I chose to read this article because it is directly related to our class as first year students. As P1s, we are thrown into a new type of schooling with difficult exams, usually having more than one professor per exam. Trial and error is used throughout the year to choose what study habits work best for each course. This study examines the students’ perceptions on a composite exam before they take it and after they take it.
Each composite exam included 3 to 4 questions per hour of lecture (50 minutes). The exam included all subjects that the students were currently taking. There were around 7 CEs throughout the semester. The students were told ahead of time how many questions would be on the exam for each subject as well as the order of the subjects.
Before the exam, students anticipated that they would study 2 to 4 hours a day, but 31% only studied 1 to 2 hours, 25% studied 3 to 4 hours and 21% studied more than 4 hours. The type of studyng that the students anticipated to do, cramming, priority studying, studying each day or other, changed from pretest to post test. In fact, the students’ perceptions of the exam, the ways that they studied, and their personal predicted outcomes all changed from pretest to post test. Overall, the students favored the format of the CE. The goal was to reduce the amount of cramming before the exam, so that students would actually retain the information.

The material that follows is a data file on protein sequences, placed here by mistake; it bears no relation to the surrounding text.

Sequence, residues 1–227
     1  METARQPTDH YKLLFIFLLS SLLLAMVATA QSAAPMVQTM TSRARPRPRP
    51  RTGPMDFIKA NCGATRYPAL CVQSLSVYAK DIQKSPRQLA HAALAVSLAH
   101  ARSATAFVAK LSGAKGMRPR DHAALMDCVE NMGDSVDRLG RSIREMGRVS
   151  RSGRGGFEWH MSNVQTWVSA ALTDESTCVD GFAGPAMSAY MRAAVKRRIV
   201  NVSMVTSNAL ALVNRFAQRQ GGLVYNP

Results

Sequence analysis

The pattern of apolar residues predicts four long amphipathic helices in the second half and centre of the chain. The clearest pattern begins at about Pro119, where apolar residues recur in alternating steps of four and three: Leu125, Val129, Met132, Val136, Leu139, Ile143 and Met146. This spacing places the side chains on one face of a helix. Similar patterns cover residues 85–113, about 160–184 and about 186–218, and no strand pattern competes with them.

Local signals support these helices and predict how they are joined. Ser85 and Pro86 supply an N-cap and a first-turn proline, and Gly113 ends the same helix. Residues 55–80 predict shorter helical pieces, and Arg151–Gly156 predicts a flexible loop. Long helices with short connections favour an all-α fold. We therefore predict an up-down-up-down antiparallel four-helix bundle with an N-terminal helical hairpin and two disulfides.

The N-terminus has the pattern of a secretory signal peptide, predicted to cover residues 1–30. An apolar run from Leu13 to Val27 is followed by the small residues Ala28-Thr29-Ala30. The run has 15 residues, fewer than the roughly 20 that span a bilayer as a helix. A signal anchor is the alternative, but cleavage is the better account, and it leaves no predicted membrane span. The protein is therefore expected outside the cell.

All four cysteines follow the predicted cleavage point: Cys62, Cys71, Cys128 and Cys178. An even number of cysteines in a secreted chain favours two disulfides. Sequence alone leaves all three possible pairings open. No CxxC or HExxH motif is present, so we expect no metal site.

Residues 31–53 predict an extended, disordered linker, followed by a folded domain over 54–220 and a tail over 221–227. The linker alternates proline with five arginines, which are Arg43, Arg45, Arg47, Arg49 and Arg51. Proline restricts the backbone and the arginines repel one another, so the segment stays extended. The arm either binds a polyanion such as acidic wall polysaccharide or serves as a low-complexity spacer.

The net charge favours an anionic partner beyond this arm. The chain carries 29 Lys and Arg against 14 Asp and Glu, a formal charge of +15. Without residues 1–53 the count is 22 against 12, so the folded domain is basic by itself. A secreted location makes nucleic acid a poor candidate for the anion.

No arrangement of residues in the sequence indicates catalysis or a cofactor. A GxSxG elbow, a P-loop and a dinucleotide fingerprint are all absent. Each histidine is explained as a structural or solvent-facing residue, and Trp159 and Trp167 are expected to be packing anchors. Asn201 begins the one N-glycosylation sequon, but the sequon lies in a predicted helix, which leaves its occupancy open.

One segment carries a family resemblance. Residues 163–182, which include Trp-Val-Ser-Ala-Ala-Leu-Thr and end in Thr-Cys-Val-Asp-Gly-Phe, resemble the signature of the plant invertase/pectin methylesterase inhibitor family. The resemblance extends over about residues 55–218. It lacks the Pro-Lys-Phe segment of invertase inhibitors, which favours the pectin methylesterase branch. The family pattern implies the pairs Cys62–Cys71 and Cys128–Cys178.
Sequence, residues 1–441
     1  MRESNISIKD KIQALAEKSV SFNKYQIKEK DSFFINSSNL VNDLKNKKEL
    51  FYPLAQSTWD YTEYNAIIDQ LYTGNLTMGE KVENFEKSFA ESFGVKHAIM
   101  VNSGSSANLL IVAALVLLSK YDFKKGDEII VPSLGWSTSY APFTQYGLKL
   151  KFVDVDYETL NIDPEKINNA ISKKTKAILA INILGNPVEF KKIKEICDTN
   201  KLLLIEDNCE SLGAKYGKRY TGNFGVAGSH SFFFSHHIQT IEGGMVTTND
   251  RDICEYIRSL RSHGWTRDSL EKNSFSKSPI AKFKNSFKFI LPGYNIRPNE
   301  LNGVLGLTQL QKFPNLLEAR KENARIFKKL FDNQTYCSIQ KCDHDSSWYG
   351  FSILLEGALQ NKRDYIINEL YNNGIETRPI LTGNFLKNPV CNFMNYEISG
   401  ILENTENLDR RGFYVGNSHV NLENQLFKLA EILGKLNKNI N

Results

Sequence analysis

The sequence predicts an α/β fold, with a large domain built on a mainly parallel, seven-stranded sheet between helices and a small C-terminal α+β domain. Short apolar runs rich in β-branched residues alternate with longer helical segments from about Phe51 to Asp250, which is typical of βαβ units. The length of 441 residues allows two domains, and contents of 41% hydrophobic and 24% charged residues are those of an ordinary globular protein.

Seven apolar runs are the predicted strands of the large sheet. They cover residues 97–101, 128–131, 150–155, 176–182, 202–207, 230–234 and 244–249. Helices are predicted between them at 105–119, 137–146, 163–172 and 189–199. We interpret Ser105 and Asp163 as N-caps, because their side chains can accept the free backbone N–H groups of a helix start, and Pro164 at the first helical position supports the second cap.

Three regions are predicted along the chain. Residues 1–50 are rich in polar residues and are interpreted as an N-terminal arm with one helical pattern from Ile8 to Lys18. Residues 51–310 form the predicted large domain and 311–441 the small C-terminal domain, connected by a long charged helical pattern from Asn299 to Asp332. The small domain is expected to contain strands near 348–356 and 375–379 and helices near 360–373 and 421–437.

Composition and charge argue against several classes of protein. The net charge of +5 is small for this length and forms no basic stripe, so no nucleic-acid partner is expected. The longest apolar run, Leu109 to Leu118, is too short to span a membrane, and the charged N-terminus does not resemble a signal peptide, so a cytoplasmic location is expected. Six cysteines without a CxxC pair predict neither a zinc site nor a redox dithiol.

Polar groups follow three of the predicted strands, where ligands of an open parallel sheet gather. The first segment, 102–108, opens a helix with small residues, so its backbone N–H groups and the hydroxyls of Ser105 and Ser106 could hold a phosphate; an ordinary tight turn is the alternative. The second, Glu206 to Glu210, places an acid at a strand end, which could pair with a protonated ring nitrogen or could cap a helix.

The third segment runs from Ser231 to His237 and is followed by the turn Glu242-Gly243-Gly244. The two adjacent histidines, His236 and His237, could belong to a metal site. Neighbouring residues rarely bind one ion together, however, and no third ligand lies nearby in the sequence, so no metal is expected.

The findings in this study show mixed opinions, such as some studies finding that studying in a steady fashion each day will lead to better test results, while some suggest that those who cram can actually do better. Do you think that we would receive higher semester grades if we would be tested more often? I think that it will be interesting to answer that question because of the way we are learning Anatomy and Physiology 2 right now, since we are doing small assignments along the way instead of an exam. However, the composite exams used in this study involved all subjects, which I am not sure would work for our pharmacy class.
McDonough S, et al, Student Pharmacists’ Perceptions of a Composite Examination in Their First Professional Year. American Journal of Pharmaceutical Education. 2016; 80(1):4